Let me explain. God permits evil (moral evil and temporal evil) and makes good out of it, a greater good. He does not will that men sin (commit moral evil), so it can NOT be reasoned that God justifies moral evil (sin) in the name of good, for He does not will that we sin: and if He does not will sin, He would never justify sinful actions. A person could argue that He justifies temporal evil to bring about a greater good, for in Isaias xiv. 7 it says that He creates evil (meaning temporal evil, not moral evil) and God would ONLY create evil (temporal evil) to glorify Himself and do good with it, to fulfill His holy Will. There are other passages in the Bible I can quote that say the same thing as Isaias.

God only **makes use **of evil because He can bring about a greater good by means of it – He would never permit an evil from which He could not draw forth a greater good. Also, He would never will or justify moral evil (sin), He only wills that we suffer the effects of moral evil (sin). God bless you.

Oh, my comment was directed at the OP and others who could look this up in the catechism. :o

In essence, there is no evil too great for God to bring good from it. God is the very definition of existence, and of goodness. Evil, by definition is a lack, a void, an absence of goodness. It is a vacuum in which we will die unless the infinite God fills it with His inexhaustible breath of life. Existence is always greater than non-existence.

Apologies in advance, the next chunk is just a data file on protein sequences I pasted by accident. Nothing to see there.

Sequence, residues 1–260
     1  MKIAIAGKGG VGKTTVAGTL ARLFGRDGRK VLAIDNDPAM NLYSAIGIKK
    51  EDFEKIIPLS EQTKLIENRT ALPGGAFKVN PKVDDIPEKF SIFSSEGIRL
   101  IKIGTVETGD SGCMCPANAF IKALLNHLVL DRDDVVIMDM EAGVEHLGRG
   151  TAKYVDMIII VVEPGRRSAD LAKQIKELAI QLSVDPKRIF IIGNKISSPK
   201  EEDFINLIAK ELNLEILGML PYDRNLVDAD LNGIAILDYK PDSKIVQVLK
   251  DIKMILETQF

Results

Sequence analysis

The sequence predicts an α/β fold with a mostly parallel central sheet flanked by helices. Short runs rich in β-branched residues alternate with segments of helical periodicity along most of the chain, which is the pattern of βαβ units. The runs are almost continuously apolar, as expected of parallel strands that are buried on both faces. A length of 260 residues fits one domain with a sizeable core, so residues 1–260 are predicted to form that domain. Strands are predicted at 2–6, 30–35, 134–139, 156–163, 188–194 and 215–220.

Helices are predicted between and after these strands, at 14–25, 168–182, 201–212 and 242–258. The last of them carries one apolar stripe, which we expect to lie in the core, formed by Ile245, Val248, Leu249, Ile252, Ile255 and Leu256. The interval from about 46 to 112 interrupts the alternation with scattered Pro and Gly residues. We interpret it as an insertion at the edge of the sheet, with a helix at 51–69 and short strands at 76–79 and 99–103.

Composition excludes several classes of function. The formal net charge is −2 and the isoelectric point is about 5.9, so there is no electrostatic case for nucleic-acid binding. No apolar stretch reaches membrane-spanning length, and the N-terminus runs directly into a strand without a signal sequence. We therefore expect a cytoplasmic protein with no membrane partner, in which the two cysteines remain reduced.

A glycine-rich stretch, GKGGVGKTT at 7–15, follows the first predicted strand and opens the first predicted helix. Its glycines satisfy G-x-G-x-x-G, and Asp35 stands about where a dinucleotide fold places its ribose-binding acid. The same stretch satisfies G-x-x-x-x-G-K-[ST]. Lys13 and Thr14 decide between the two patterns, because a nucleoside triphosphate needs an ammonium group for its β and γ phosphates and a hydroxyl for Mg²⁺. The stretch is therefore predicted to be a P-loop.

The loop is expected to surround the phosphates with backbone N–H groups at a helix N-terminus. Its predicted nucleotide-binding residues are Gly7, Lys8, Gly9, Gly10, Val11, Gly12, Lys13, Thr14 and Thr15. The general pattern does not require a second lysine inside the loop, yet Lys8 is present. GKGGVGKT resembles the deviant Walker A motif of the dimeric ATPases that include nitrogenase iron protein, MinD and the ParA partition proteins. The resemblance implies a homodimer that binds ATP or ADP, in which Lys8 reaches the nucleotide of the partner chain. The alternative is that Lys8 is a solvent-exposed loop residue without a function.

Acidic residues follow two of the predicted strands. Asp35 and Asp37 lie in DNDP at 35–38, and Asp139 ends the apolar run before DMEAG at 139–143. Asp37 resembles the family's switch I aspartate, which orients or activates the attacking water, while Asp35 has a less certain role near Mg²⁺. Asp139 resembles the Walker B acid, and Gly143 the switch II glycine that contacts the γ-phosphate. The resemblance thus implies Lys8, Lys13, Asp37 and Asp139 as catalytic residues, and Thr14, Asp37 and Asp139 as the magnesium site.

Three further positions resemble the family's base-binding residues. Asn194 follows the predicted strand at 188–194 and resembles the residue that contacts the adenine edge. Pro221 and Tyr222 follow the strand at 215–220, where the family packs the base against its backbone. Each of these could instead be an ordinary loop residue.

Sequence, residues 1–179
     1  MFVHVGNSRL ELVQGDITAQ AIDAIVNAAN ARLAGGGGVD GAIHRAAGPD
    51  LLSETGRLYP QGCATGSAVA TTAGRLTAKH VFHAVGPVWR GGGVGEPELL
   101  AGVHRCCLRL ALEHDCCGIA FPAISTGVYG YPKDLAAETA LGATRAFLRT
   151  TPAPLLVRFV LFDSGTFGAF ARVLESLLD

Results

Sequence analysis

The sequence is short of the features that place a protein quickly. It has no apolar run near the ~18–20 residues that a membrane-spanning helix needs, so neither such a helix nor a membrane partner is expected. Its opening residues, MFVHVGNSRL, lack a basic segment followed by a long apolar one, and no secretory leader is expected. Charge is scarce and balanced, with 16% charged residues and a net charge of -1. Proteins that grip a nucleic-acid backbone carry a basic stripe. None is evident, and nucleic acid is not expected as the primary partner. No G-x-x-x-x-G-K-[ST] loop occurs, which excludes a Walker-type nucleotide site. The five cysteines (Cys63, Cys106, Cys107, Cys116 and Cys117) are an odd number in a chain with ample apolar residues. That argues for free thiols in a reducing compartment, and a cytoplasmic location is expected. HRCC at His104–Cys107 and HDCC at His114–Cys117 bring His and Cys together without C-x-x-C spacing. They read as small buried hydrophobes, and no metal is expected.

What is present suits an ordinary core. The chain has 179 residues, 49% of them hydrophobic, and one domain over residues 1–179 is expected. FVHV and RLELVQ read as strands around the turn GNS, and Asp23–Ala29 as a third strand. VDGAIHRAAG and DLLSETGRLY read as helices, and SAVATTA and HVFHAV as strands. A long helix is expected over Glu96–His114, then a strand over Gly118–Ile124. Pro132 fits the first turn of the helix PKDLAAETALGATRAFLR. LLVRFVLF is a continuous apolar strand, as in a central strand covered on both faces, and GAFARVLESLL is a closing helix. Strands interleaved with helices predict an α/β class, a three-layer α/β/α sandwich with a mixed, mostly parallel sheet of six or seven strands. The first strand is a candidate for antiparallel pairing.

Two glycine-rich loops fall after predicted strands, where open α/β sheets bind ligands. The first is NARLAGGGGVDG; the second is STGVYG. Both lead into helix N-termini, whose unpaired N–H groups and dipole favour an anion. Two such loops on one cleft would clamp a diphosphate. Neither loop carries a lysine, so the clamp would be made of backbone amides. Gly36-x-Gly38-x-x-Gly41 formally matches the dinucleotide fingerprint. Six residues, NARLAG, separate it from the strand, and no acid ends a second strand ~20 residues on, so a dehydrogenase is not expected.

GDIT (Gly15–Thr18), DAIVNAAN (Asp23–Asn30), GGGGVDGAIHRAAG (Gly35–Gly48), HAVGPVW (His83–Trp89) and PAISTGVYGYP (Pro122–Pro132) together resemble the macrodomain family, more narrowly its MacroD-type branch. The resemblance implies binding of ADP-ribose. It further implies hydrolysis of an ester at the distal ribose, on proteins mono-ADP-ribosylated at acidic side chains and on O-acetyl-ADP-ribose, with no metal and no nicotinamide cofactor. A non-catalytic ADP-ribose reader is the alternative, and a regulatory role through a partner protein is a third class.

But, the entire question revolves around the concept of freedom, and that is where inquiring minds should seek the catechetical answer.

This interview with an exorcist priest touches on the very subject:

regnumchristi.org/english/articulos/articulo.phtml?id=14318&se=364&ca=118&te=782

Yes, but I thought I’d help them out a little with their homework.:slight_smile: I read the exorcist’s comments, I disagree with him when he says that hell is only a state and not a place. The Church has traditionally taught that hell is both a place and a state of being. Anyway, thanks for the link – the article was interesting. God bless you.

Right now, before the resurrection, it may be a state, and thereafter, a state as well as a place. Will have to look that one up.

But even before the Resurrection hell was a place made for the fallen angels after their fall. Ven. Mary of Agreda in her book *Mystical City of God *, a book with the approbation of several popes, says that hell is located in the fiery core of the earth. I believe others (mystics, theologians, etc.) have said the same thing. God bless you.

That falls under private revelation and is not binding upon the faithful, correct? Nothing wrong with it, though. Just as Jesus went to prepare a place for us, the evil one also has his domain prepared. What I am thinking is that there are no human bodies there yet, as there are in heaven.

Saint John Paul II
Hell is the State of Those who Reject God
At the General Audience of Wednesday, 28 July 1999, the Holy Father reflected on hell as the definitive rejection of God. In his catechesis, the Pope said that care should be taken to interpret correctly the images of hell in Sacred Scripture, and explained that “hell is the ultimate consequence of sin itself… Rather than a place, hell indicates the state of those who freely and definitively separate themselves from God, the source of all life and joy”.